There will be two such park-and-ride facilities for Nicosia, one at the GSP stadium, for motorists coming from the south and south-east and one at the Makarios Stadium, for the western and southwestern approaches to the capital. In order for the system to be able to function smoothly, the urban road network would have to be completed and pavements constructed everywhere.

The island-wide introduction of school buses, currently on a trial basis, is relied upon both to enhance passenger capacity and to create awareness of public transport in the long run. It will cost a total of Cy£10 million for the school-bus project.

Asked if the school bus will be compulsory, Lambrinos said that the aim of the new transport system was to avoid anything compulsory. He noted that a “means of mass communication” was also envisaged as a possibility for Nicosia and perhaps Limassol, most probably in the form of a tram service, but said many considerations would have to be weighed before making a final decision.

One of the issues that remain open is the ownership of the future public transport. Lambrinos, who is Public Works Department Senior Executive Engineer, said that the government favoured private ownership in accordance with its free competition philosophy. He noted that preliminary contacts with some of the existing bus companies had shown they were interested in having a part to play in the new system. This, he added, would have to be examined from the legal point of view, including the EU, which prevented state subsidy.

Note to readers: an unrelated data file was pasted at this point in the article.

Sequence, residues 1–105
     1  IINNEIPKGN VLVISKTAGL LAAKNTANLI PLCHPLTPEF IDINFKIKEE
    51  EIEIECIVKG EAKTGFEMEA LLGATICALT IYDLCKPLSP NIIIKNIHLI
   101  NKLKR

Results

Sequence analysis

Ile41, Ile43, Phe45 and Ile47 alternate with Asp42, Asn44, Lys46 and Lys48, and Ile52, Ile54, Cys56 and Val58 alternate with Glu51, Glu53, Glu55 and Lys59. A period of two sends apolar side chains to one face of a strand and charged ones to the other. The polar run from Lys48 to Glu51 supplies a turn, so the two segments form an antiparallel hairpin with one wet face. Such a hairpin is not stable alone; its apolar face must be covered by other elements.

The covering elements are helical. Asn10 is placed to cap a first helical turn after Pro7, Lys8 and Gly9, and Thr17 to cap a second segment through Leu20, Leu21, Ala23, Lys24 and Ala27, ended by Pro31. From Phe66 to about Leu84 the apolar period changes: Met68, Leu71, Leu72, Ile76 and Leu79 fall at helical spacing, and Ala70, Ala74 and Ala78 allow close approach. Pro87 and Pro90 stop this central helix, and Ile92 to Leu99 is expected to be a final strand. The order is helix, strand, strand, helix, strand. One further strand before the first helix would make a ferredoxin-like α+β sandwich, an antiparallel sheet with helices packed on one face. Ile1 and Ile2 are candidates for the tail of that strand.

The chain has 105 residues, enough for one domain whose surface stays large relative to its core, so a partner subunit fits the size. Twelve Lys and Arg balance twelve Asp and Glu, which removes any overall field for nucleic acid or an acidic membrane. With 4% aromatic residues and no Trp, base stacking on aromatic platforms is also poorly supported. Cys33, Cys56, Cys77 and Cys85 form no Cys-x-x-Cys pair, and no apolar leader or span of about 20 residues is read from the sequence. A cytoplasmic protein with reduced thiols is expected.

Other forms of ownership, although remote, could not be ruled out, such as the government’s Road Transport Department forming a private company together with the Municipalities concerned, or a public utility company even. Lambrinos noted that the ownership question would have to be addressed when the time came to purchase the new buses. This would start at the end of 2007 and the total cost is estimated at Cy£86 million.